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Human Ecology

ADVANCING INDIGENOUS KNOWLEDGE (IK) IN SUSTAINABLE TEACHING AND LEARNING PRACTICES TO PROMOTING ECONOMIC DEVELOPMENT

MICHEAL M. VAN WYK (University of South Africa, South Africa)

2014 • Pages: 095 • Binding: Hard •

PRICE: US $ 50/- Rs. 1000/-

(Human Ecology Special Issue No. 19)

ADVANCING INDIGENOUS KNOWLEDGE (IK) IN SUSTAINABLE TEACHING AND LEARNING PRACTICES TO PROMOTING ECONOMIC DEVELOPMENT

The relevance of Indigenous Knowledge on sustainable economic development with reference to the context of teaching and learning was the theme of this special volume. This volume consists of case studies that investigate the theory, practices and challenges faced in the process of advancing Indigenous Knowledge (IK) in sustainable teaching and learning practices to promoting economic development. Most importantly, investing in the exchange of IK and its integration into the assistance programs of the World Bank and its development partners can help to reduce poverty. The realization that IK has not become redundant in today’s world is increasingly widespread. The Rio Declaration, the Convention on Biological Diversity, the documents coming out of the World Summit on Sustainable Development (United Nations 2012), and a whole host of other international instruments and forums have emphasized the current (and future) relevance of IK.

The papers in this special issue focus on various issues regarding Indigenous Knowledge as a phenomenon providing and creating sustainable teaching and learning practices to promoting economic development in an African context. Though the special issue focus on the relevance of Indigenous Knowledge, most of the papers explore the issues from an educational context.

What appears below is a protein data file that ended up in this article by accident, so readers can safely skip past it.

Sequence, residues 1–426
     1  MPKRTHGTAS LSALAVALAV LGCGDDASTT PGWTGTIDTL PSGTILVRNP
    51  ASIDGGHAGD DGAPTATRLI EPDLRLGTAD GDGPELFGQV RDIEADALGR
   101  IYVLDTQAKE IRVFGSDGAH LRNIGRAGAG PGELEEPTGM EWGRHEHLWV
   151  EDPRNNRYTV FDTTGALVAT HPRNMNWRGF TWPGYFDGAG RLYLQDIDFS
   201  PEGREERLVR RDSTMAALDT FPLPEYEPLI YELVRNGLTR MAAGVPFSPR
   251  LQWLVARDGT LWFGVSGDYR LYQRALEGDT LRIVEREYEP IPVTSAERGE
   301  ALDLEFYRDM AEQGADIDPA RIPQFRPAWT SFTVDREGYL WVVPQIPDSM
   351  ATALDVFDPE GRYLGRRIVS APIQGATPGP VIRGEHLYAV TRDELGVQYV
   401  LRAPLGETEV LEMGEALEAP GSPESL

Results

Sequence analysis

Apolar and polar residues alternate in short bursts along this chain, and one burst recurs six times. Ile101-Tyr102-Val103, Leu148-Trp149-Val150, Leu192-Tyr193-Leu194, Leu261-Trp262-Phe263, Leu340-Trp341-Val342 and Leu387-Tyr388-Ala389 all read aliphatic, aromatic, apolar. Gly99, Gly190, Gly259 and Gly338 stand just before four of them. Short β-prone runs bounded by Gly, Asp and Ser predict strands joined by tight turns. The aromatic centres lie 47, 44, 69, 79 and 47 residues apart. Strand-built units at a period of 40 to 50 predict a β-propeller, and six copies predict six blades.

CONTENTS

Editorial

Peter Kwaira and Mishack T. Gumbo • Applying Design and Technology Education in Addressing Farmers’ Problems in the Makonde Rural District, Zimbabwe

John Makala Lilemba and Yonah Matemba • Reclaiming Indigenous Knowledge of Mafwe in a Post-colonial Namibian Curriculum

Norma R. A. Romm • Indigenous Ways of Knowing and Possibilities for Re-envisaging Globalization: Implications for Human Ecology

M. E. Baloyi • Paying Lobola When My Wife Dies: An African Pastoral Study about the Practice of Forcing People to Pay Lobola After Their Wives Passed Away

M. J. van Breda • Truants’ Perceptions of Parental Involvement in Their Education: How Can Parents Assist?

Taole Matshidiso Joyce • Against All Odds: How Do Primary Teachers Navigate in Multi-grade Teaching Contexts?

Bobo Segoe • Tutor Support in an Open Distance Learning (ODL) Environment for Upgrading Teachers

Petro Marais and Alena van Schalkwyk • Open Distance Learning Community Engagement: Identifying the Needs of a Community School

Micheal M. Van Wyk • The NamaStap as Indigenous Identity and Cultural Knowledge

Charity Dewah and Micheal M. Van Wyk • The Place of Indigenous Cultural Games by Educators in the Teaching and Learning of Mathematics

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